Voluntary and community groups in the Great Aycliffe and Middridge areas are better able to support residents after receiving almost £150,000 in funding.
Durham County Council’s Great Aycliffe and Middridge Area Action Partnership (AAP) has awarded £146,652 to 14 groups to enable them to provide a wide range of activities, social groups, drop-in sessions and days out.
Cllr Elizabeth Scott, Cabinet member for economy and partnerships, said: “We understand the significant impact that voluntary and community groups have on our communities, so we are pleased to be able to support a range of organisations through the Great Aycliffe and Middridge AAP.
“This funding will go a long way in enriching the lives of adults and children, reducing social isolation and supporting people with the rising cost of living.
“We are committed to creating stronger and more resilient communities and by working together with our partners, we can help to achieve this.”
Families are being supported through the uniform fund project at Greenfield School, which has received £6,750.
This has allowed the school to buy a variety of items and full school uniforms to help anyone struggling to purchase school uniform because of the cost-of-living crisis.
More than £14,000 has been awarded to The Cornforth Partnership, which runs weekly youth sessions at Aycliffe Youth and Community Centre.
Staff will also provide community outreach work alongside the local neighbourhood policing team to engage young people aged between 12 and 15.
Lifeline Community Action has also received £14,942 to open its community hub for an additional two days each week.
The hub offers a range of activity sessions, advice and guidance for support services as well as providing a package support service for families in need of basic hygiene packs and essential household items.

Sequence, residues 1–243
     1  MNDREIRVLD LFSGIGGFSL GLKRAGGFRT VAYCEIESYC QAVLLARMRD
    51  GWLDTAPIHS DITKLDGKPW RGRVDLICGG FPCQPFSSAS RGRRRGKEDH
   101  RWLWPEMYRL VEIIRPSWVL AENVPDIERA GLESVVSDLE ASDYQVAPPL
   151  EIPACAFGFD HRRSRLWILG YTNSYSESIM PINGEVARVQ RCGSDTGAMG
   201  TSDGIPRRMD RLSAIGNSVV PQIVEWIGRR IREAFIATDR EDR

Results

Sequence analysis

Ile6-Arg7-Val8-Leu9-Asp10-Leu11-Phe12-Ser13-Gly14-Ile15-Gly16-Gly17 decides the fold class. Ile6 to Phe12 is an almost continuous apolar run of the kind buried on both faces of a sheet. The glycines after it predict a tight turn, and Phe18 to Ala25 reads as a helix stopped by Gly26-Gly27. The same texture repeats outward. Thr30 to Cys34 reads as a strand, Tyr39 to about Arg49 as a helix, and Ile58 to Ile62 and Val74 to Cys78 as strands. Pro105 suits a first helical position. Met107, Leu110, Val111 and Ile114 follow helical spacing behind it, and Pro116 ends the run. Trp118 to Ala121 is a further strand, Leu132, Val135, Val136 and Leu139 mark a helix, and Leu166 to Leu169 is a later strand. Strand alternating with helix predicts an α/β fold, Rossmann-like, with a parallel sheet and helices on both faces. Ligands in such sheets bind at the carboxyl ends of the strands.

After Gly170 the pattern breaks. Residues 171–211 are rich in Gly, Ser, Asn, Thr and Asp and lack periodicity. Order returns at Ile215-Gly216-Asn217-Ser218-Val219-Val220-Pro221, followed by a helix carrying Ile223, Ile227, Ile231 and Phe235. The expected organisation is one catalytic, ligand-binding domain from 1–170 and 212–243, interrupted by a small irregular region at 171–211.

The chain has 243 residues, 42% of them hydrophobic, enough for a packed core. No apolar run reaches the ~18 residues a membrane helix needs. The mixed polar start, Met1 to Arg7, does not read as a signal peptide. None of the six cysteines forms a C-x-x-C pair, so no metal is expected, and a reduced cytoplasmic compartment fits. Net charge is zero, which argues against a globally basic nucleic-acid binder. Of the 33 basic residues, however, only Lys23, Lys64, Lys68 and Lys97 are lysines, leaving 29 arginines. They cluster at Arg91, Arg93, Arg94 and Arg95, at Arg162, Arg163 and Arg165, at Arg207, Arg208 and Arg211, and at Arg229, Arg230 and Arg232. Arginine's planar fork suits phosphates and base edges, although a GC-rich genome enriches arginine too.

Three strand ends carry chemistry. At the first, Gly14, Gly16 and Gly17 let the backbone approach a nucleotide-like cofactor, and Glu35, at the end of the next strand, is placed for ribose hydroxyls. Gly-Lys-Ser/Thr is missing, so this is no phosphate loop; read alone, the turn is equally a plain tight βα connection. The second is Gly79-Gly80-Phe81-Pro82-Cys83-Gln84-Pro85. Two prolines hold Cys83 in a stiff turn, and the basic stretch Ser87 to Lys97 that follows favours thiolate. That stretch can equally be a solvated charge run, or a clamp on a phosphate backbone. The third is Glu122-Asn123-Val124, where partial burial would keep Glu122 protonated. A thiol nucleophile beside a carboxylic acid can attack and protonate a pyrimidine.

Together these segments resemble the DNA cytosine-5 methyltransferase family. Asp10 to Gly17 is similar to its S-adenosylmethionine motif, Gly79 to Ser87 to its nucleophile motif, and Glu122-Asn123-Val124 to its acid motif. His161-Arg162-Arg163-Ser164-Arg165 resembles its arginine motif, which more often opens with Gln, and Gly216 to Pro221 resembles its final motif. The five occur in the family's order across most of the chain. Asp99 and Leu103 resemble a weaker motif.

Meanwhile, £20,000 will be used to fund a community speedwatch van in Newton Aycliffe.
The van will be used by volunteers and members of the neighbourhood policing team in targeted locations as a speeding deterrent.
It will have its own automatic number plate recognition (ANPR) camera to gather data, alongside WiFi capability to act as a mobile office.
Funding has also been awarded to groups offering social clubs to help reduce feelings of loneliness amongst residents.
The Friendship Club has been awarded £5,000 after seeing a significant increase in demand for its service.
It now has 100 members, with many attending weekly sessions which offer entertainment, craft activities, meals and trips out. As many members are socially isolated, the group has helped residents to form friendships.
Glow Church UK’s Glow Cares project has also received £5,000 to help fund an older people’s social afternoon club for residents.
The group provides a monthly vintage afternoon tea to tackle social isolation following the pandemic.
Participants who attend are also signposted to other services such as financial agencies, housing-related support, welfare rights and health services.
The project also makes wellbeing calls between events to identify and prevent crisis situations through its offer of early intervention.